The 10 Best Cast Nets

Updated October 27, 2017

10 Best Cast Nets
Best High-End
Best Mid-Range
Best Inexpensive
We spent 37 hours on research, videography, and editing, to review the top choices for this wiki. The possibilities with cast nets aren't quite endless, but there are a lot. Whether you are looking to catch bait for bigger fish, make a living as a fisherman, or just supplement your income, one of these will be perfect for the job. They come in a variety of sizes and weights, and can be had at prices that will work for any budget. When users buy our independently chosen editorial picks, we may earn commissions to support our work. Skip to the best cast net on Amazon.

10. JShanmei Handmade American Saltwater

The JShanmei Handmade American Saltwater is about as attractive as they come. If you're primarily looking for some decorations for a themed seafood restaurant or around the house, you could do much worse. Plus, it's a pretty solid choice for its intended use.
  • quick and easy to clean
  • soft to the touch
  • hard to get it to lie flat
Brand JSHANMEI
Model pending
Weight 7.7 pounds
Rating 3.7 / 5.0

9. Pisfun American Saltwater

The 32-foot hand line on the Pisfun American Saltwater makes it great for firing off into the depths. The line is attached to an anodized swivel for extra maneuverability, allowing you to hit a current without having to worry about it getting caught or tangled.
  • handmade mesh from quality materials
  • closes securely on retrieval
  • doesn't sink as quickly as others
Brand Pisfun
Model pending
Weight 10.1 pounds
Rating 3.8 / 5.0

8. Super Spreader 10143 EZ Throw 750

Most people learning to throw turn to one of two places: grandpa or YouTube. The Super Spreader 10143 EZ Throw 750 makes both unnecessary. The ring at the top acts like a handle that helps guide your tosses, so you can start catching right away.
  • stands up to basic snags
  • works on bait between 3 and 6 inches
  • case is poorly manufactured
Brand Fitec
Model EZTHROW
Weight 4.5 pounds
Rating 4.1 / 5.0

7. Fitec GS1000 Ultra Spreader Clear

The Fitec GS1000 Ultra Spreader Clear has your next outing covered. The best part is that the fish won't know they're covered until it's too late due to its transparent design. It even includes a Kumfort Kuff wrist grip so dragging them in won't be too fatiguing.
  • packaged with a throwing aid
  • comes in a variety of sizes
  • can be hard for beginners to use
Brand Fitec
Model 0034-0067-Parent
Weight 18.7 pounds
Rating 3.8 / 5.0

6. Lee Fisher CBT-S3

The Lee Fisher CBT-S3 is made of a durable nylon monofilament, so it won't come unraveled over time, as long as it is used and cared for properly. The hand line rope is on a swivel, which makes casting and retrieving painless.
  • perfect for use from kayaks
  • good practice net
  • too small for serious use
Brand Sportsman Supply Inc.
Model CBT-S3
Weight 3.6 pounds
Rating 3.8 / 5.0

5. Hurricane HCN-5

The Hurricane HCN-5's five-foot radius and extremely affordable price make it popular with newcomers of all stripes. Even if you've never gone out before, it's a fairly easy and pleasant way to get started that will have you successfully catching bait in no time.
  • great in shallow water
  • size is perfect for kids
  • good storage box
Brand Hurricane
Model HCN-4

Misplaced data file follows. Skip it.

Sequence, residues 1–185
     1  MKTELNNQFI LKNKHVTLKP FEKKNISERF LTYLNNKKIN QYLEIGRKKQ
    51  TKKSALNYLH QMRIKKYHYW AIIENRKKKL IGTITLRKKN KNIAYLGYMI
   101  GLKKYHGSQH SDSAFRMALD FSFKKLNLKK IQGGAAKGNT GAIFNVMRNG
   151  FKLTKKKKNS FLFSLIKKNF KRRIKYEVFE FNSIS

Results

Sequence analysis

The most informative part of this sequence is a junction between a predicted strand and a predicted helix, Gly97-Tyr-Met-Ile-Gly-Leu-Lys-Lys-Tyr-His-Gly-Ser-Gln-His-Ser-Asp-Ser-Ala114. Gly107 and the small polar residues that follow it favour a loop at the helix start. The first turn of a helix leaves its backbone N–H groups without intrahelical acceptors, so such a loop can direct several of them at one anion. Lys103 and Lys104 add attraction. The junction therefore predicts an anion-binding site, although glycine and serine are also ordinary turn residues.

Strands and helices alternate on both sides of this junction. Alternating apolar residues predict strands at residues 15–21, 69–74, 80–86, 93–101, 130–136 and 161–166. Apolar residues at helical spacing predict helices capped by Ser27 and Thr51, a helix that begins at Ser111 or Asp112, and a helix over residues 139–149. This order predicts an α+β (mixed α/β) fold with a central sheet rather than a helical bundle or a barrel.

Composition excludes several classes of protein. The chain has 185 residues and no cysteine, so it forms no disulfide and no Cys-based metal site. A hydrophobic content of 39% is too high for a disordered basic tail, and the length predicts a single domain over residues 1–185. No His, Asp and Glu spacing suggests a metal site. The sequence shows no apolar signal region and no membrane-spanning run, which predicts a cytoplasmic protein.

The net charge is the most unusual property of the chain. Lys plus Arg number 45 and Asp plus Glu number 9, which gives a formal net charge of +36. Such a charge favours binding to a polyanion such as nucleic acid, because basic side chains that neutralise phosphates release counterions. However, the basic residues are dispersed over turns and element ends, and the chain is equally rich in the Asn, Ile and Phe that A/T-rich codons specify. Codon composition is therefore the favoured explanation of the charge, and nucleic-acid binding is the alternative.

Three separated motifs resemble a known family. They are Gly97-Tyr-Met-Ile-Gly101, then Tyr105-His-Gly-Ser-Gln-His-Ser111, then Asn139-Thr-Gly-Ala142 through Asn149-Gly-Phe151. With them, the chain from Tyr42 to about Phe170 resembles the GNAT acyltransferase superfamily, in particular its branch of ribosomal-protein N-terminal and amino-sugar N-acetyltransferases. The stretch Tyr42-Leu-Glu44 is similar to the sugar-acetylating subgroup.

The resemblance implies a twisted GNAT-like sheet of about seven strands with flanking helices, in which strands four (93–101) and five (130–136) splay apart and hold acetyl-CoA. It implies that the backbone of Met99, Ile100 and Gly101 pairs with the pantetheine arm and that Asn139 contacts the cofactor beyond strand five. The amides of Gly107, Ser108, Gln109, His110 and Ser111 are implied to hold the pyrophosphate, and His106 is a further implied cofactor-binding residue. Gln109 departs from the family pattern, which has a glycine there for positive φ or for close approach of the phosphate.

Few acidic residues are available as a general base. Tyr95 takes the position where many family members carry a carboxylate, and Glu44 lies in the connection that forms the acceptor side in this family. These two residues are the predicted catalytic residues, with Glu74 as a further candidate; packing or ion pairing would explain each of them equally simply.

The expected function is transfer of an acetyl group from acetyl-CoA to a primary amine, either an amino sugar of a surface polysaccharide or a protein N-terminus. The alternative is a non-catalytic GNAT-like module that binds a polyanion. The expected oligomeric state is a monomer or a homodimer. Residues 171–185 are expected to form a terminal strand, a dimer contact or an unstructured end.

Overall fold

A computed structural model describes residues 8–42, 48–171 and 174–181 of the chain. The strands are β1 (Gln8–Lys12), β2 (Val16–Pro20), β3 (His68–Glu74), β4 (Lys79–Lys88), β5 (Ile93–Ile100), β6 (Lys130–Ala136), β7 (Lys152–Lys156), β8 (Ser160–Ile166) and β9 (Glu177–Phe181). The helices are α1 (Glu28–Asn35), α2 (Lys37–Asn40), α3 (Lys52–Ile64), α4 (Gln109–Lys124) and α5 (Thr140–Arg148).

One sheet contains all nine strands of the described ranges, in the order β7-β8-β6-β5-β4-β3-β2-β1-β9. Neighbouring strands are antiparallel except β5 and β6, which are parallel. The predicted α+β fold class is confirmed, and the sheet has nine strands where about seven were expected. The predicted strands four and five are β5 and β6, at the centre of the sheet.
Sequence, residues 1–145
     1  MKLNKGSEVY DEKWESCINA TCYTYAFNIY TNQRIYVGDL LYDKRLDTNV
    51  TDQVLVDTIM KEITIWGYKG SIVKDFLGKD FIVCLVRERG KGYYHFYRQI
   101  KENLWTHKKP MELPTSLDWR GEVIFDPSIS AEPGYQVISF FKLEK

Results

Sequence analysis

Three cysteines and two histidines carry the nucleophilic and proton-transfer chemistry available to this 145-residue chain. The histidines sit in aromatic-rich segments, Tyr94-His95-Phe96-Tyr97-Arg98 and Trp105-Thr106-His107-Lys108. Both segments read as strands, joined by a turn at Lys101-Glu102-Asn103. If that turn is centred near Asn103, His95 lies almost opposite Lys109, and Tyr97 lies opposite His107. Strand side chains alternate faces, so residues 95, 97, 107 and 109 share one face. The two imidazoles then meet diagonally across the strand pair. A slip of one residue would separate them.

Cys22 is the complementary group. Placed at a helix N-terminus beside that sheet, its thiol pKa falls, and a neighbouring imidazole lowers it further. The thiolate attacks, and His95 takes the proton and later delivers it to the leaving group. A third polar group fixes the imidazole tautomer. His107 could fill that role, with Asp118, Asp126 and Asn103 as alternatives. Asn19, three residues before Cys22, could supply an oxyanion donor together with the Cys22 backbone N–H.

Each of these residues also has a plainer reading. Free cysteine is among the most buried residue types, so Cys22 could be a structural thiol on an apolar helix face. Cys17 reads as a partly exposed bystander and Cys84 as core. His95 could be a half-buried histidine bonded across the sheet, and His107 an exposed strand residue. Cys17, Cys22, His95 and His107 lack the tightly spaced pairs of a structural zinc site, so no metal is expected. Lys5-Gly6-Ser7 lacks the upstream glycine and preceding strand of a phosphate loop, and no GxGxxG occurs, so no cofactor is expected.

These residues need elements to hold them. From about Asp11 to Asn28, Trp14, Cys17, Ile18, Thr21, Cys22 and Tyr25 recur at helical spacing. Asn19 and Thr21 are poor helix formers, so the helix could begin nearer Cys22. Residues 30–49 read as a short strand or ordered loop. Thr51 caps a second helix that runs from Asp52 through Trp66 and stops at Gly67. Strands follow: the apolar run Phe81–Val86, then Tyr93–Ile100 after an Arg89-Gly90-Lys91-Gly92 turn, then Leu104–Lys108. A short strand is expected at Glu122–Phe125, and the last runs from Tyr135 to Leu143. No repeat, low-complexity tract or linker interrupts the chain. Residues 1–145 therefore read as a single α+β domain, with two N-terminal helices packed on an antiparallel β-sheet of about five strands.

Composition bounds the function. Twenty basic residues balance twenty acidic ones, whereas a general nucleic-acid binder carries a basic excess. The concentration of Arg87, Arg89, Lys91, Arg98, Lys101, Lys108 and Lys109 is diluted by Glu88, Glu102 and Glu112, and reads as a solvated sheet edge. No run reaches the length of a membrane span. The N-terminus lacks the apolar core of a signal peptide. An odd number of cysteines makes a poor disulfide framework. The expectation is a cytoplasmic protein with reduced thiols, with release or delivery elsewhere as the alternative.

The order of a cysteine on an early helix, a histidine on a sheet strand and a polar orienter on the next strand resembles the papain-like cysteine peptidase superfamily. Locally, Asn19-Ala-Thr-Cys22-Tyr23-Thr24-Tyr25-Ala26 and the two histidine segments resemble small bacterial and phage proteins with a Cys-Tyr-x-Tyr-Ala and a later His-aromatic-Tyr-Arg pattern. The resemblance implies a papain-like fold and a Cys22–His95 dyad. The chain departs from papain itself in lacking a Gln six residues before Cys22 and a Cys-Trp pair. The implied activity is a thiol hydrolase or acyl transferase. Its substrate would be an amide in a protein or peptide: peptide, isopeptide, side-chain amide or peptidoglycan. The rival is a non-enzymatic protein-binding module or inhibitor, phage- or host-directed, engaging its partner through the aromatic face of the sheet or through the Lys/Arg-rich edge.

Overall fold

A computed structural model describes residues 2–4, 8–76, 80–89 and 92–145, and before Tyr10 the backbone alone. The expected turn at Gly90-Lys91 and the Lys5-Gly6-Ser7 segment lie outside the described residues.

Weight 4.4 pounds
Rating 4.1 / 5.0

4. Ahi USA 50 Outfitter Series

The Ahi USA 50 Outfitter Series features a tightly secured 24-foot hand line, so it can withstand regular use even in the harshest conditions. Made of a UBE chip monofilament, this is a sturdy and solid option at a great price.
  • 80-pound test brail lines
  • reusable plastic container included
  • chip-resistant steel weights
Brand Ahi USA
Model CN-53-P
Weight pending
Rating 4.5 / 5.0

3. Old Salt Premium

The Old Salt Premium comes in a handy, handsome utility box that stores lures, hooks, tools, and other fishing supplies. It isn't particularly suitable for larger fish, but it's great for snagging a whole slew of the smaller guys.
  • weighs 1 pound per foot
  • includes useful how-to instructions
  • offers a wide full spread when open
Brand Betts
Model 1102-0178-P
Weight 16 ounces
Rating 4.9 / 5.0

2. South Bend Monofilament CNMO4

The affordable yet durable South Bend Monofilament CNMO4 offers superior craftsmanship in an easy-to-open design that provides consistency throw after throw. Use it to catch the bait that you'll end up using to catch your dinner.
  • simple to transport and store
  • ideal for catching shad
  • tied by experienced net makers
Brand South Bend
Model CNMO4
Weight 3.7 pounds
Rating 4.7 / 5.0

1. Bait Buster Premium

The top-quality Bait Buster Premium boasts perfectly cut six-panel angled mesh and has a patented dragon head swivel that can be replaced if the 100-pound test brail lines break. An instructional DVD comes with your purchase.
  • striking green color
  • crimped lead lines designed to last
  • packaged in a three-gallon bucket
Brand Bait Buster
Model pending
Weight 14 pounds
Rating 4.5 / 5.0

How To Choose A Cast Net

As the name clearly suggests, a cast net is a fishing tool that is thrown -- or cast -- into the water by hand. Using a cast net is one of the oldest and most effective ways to catch fish. While the use of these time honored tools may seem easy in the hands of an experienced fisherman, proper net fishing can take years to master. That's why it's of extra importance that you use a great cast net when learning this method. The better the net you use, the faster your skills and technique will improve.